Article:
Ruffled Feathers and Spilled Milk

Farming with ducks and dairy goats, chickens and children.


Posted on | July 8, 2011 | 3 Comments

I am known for my brilliant plans.  My brilliant follow-through, not so much.  Which isn’t for lack of trying on my part.  I put forth incredible effort.  It’s just that Circumstances always get in the way.  I hate Circumstances.

This year, my brilliant plan was to keep guineas in the garden to eat all the bugs.  Guineas had almost eliminated the ticks on the property and I was hoping that, with a little encouragement, they would declare war on the squash bugs that decimate our crops every summer.  The encouragement involved an 8 foot fence around the garden and the clipping of their wings before we locked them inside that fence.  So maybe entrapment is a better word.  But what’s a little semantics on the farm?

The first Circumstance that got in my way was determining guinea gender.  I wanted 2 females and 1 male in the garden.  Unfortunately, male guineas do not declare themselves as clearly as, say, male goats.  Male goats have extra appendages visible from the rear and, even if you were blind, routinely urinate on themselves so that you can smell a male coming from about 3 miles away.  Which I thought was odd until I had male children.  Who come as close to urinating on themselves as they can get away with in polite society.  At least I assume that is what they are trying to do in the bathroom that results in urine on the toilet seat, under the toilet seat, and around the base of the toilet.  But anyway…

I had to settle for putting 3 guineas in the garden and watching to see what happened.  1 of the guineas settled in the mulch pile and proceeded to have a lovely dust bath.  The other 2 promptly began shoving each other against the fence, pulling each other’s helmets (the fleshy protrusions on top of their heads) and shouting, “You talkin’ to me?  You talkin’ to ME?”  Which resolved the gender issue.  One of the shouters had to go and was replaced by another guinea who was quite pleased with the bathing going on at the mulch pile and even proceeded to preen by the zinnias.  Success!  2 females and 1 male.  All in all, it went a lot smoother than I expected.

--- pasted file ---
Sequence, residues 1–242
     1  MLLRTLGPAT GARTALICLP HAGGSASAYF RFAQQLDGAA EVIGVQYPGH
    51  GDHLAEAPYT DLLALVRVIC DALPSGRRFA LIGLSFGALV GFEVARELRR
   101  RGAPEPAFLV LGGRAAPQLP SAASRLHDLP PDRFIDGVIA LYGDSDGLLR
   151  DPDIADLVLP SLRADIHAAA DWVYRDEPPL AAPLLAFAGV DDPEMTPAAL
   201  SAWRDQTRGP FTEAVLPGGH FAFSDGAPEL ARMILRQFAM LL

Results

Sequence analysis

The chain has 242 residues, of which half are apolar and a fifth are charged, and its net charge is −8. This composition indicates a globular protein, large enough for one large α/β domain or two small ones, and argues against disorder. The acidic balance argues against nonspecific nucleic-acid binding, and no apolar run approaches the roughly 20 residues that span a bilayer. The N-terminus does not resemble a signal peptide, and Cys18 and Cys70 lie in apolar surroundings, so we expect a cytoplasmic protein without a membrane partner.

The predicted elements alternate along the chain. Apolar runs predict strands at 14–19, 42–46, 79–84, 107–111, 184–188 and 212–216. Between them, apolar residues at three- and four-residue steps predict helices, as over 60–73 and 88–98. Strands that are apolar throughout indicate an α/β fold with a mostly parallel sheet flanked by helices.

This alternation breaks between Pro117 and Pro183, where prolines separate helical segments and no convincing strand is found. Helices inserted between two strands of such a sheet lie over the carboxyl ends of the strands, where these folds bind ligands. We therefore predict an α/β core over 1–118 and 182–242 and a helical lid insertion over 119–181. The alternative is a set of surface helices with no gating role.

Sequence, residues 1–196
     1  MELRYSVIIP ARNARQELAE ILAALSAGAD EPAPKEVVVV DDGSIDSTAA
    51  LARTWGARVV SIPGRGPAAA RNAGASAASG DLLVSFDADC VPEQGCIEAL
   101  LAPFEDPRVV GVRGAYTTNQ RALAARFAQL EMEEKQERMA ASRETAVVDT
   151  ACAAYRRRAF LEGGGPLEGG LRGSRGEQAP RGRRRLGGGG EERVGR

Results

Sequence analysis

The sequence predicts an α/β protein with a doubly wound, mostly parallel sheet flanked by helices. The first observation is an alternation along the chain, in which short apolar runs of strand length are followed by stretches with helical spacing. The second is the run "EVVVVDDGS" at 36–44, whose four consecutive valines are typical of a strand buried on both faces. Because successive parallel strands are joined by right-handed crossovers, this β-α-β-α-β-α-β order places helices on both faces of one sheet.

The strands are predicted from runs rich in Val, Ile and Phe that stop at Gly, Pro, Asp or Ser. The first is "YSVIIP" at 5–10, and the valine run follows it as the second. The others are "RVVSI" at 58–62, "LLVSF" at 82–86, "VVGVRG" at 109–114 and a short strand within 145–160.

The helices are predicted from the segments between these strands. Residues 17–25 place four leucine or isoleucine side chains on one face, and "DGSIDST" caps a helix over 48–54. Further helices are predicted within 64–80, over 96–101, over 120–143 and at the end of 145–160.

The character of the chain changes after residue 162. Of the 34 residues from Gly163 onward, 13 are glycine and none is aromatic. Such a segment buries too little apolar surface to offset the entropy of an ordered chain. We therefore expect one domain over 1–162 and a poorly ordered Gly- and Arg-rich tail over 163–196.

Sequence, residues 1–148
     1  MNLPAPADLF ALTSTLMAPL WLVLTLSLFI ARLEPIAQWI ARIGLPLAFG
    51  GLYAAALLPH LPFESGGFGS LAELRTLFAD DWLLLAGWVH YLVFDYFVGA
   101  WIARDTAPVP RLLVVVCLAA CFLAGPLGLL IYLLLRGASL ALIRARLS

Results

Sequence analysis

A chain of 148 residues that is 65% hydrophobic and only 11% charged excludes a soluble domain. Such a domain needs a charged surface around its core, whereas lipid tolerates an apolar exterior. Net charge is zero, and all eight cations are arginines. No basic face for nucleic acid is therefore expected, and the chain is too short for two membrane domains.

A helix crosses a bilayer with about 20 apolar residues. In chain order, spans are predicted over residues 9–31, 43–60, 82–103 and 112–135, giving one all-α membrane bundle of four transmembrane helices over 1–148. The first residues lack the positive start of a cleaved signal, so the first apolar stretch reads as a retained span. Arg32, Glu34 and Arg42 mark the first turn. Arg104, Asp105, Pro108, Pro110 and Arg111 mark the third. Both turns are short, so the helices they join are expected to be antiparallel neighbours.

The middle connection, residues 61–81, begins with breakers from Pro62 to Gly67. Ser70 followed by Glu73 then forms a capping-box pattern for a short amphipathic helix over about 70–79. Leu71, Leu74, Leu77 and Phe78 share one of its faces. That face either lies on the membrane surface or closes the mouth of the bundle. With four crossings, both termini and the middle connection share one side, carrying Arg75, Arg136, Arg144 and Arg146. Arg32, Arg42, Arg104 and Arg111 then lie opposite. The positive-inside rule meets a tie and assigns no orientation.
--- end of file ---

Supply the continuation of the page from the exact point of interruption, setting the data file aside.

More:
Especially since the male guinea remaining in the garden had a feather pulled loose and sticking up on his back from all the fighting.  This enabled us to distinguish him from the females and we promptly named him “Spike.”  You know, for the spiky feather on his back.

I know it’s not very creative.  But you try naming the 2,000,000 animals who have been born here and see when you run out of distinctive, endearing, and original names.  It’s a good thing my children were born before the farm really got going or they would have ended up being called “Baldy,” “Pointy Head,” “Chubby Cheeks,” and “Are You Kidding Me” (which is what my family thought Little’s name was for a long time anyway).

In any case, my brilliant plan was working brilliantly.  Do you know what this is?

It’s a zucchini plant without a single squash bug on it.

And this is a cantaloupe vine that lived long enough to produce cantaloupes.

We may actually get watermelons off this vine.

There’s not a single beetle on these tomatoes.

And the cucumbers look beautiful!

How I loved Spike and his ladies.  I took pictures of them foraging for bugs in the beans.

Scouring the okra.

Patrolling the melons.

I admit it.  I was guinea paparazzi.  And when one of the ladies decided to make a nest and prepared to hatch out more squash bug-eating babies, I was ecstatic.  You go, girl!

I’m not saying I overreacted when the second female started her nest.  But there might have been party hats involved.